JOHANNESBURG — A South African woman and her Italian partner were handcuffed throughout the nearly two years they were held by Somali pirates, who fed them little but rice, pasta and bread, the now-freed couple said Wednesday after arriving in South Africa.
Deborah Calitz and Bruno Pelizzari, captured in late 2010 from a yacht off the coast of Tanzania, spoke to reporters at an emotional Johannesburg airport news conference. They were freed in Somalia last week and stopped in Italy to see Pelizzari’s family before coming to South Africa, where friends and relatives draped in yellow ribbon printed with the word “believe” greeted them at the airport with tears, hugs and flowers.
The two were held captive 20 months, among the longest periods hostages have been held by Somali pirates.
Relatives have said the two were sailing on a budget after buying a used yacht several years ago to pursue a dream of traveling the world’s seas. At the time they were kidnapped, they were working for another South African yachtsman to earn money for a visit home.
The pirates originally demanded a ransom of $10 million, which relatives had said they could not pay. Their relatives in South Africa sought donations and organized concert fundraisers, and said the pirates kept changing their demand.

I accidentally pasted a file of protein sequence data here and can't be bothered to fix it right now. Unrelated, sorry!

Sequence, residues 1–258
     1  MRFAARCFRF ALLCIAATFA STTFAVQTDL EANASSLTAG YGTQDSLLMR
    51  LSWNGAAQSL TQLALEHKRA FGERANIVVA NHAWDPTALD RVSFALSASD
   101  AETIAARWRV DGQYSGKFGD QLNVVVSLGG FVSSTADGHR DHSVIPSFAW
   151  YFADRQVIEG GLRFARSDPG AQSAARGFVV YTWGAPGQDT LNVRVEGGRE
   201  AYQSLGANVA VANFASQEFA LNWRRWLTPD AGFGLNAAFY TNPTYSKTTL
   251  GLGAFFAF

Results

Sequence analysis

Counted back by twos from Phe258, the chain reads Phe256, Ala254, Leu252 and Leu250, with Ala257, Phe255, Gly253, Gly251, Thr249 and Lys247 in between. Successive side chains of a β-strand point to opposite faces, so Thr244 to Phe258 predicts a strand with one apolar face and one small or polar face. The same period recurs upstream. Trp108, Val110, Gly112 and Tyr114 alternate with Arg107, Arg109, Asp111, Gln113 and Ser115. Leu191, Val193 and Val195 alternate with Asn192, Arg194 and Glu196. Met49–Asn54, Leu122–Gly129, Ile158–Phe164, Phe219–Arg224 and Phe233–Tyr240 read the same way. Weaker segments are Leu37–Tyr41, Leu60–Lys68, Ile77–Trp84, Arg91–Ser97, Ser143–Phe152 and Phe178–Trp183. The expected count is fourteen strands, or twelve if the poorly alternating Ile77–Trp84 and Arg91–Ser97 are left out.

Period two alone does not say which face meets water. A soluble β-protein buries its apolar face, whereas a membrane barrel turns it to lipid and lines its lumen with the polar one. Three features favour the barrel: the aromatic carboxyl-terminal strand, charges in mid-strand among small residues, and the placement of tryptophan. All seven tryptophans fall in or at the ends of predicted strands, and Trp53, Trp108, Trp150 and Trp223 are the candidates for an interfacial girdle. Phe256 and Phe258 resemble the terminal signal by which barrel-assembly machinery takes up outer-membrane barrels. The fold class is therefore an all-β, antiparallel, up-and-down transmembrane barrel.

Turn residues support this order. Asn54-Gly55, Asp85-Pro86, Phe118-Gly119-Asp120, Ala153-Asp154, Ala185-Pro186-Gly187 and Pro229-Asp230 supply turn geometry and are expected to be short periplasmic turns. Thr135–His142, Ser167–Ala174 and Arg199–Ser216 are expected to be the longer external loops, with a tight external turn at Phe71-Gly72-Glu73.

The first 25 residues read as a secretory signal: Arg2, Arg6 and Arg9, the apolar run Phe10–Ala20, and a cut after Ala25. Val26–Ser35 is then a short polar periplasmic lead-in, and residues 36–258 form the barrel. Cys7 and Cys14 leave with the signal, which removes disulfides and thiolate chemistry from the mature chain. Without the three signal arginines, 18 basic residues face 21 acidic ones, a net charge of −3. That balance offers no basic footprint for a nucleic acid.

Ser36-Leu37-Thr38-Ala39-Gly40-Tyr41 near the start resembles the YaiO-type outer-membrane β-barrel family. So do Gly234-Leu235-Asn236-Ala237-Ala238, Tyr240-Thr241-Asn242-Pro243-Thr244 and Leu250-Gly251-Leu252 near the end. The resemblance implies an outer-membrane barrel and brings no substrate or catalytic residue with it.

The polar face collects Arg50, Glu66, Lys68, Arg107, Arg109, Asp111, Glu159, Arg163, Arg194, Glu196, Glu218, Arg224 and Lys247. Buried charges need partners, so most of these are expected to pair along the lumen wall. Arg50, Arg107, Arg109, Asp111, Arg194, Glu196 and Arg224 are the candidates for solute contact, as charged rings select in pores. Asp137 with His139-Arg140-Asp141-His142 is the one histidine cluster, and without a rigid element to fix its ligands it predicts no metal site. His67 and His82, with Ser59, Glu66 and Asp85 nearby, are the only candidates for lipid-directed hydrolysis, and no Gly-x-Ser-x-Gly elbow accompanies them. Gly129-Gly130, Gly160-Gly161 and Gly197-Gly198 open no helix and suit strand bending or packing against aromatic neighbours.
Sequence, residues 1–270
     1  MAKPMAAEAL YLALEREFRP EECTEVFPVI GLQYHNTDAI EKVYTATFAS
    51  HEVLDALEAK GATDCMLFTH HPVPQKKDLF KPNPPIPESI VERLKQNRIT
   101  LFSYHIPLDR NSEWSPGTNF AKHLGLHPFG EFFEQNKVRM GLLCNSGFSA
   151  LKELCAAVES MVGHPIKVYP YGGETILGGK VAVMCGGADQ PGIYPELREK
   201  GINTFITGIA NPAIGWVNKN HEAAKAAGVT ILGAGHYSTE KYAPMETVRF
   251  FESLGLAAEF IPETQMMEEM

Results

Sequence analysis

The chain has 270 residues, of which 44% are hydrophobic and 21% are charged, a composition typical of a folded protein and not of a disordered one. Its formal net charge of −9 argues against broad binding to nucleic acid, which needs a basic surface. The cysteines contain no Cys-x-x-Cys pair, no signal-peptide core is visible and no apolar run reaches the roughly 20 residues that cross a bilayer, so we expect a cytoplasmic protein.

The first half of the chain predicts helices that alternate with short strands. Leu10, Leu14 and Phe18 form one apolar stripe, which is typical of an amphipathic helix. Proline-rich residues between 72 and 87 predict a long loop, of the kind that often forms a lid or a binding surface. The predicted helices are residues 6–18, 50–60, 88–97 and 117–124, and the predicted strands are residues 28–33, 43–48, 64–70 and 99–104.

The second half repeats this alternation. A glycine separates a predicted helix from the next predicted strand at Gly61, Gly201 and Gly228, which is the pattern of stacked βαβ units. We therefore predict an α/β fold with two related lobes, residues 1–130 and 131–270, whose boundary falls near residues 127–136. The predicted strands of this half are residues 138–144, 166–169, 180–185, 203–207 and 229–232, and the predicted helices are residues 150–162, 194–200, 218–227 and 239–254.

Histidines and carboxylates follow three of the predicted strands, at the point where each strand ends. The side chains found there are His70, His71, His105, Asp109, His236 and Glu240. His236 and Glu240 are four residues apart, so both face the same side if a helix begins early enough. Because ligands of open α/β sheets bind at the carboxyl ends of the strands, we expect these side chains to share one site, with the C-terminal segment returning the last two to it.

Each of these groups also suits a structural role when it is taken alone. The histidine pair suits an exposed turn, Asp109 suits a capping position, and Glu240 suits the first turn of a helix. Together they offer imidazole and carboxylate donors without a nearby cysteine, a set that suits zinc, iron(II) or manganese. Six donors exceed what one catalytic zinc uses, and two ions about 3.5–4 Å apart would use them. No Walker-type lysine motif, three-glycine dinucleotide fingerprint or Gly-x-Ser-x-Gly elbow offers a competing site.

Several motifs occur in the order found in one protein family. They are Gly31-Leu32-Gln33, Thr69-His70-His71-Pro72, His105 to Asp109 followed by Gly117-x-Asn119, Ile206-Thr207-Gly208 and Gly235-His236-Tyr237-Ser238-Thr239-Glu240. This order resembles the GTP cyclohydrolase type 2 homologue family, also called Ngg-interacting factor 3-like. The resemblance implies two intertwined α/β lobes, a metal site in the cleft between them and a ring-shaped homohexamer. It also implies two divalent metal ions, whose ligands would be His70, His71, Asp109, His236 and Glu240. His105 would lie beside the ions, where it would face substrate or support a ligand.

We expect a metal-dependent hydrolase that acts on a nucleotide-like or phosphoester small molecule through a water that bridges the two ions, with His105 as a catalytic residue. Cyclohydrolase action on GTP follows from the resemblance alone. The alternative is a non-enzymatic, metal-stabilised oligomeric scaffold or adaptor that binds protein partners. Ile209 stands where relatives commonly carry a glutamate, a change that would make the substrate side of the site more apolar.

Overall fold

“We’re home! We’re safe! And we’re happy!” she said.
Calitz said Wednesday the couple did not know whether a ransom was paid. Last week, Somalia’s defense minister said Somali security forces helped secure the release. He did not describe it as a rescue, but would not say if a ransom was paid. Most such cases end with payment of multimillion dollar ransoms, which security experts say only inspires more hostage-taking.
South Africa’s foreign minister, Maite Nkoana-Mashabane, who met the couple at the airport Wednesday, told reporters the hostage-taking could only end once stability was brought to Somalia. Somalia has been beset by decades of civil war, and its last fully functioning government collapsed in 1991, allowing piracy and other crime to flourish. In more recent years, al Qaeda-linked militants have gained a foothold in the Horn of Africa nation.
Pelizzari echoed the South African foreign minister’s calls for peace.
“We’ve created a rainbow nation in South Africa,” he said, referring to the negotiated, peaceful end to white racist rule here. “We’ve got to do the same for the world.”
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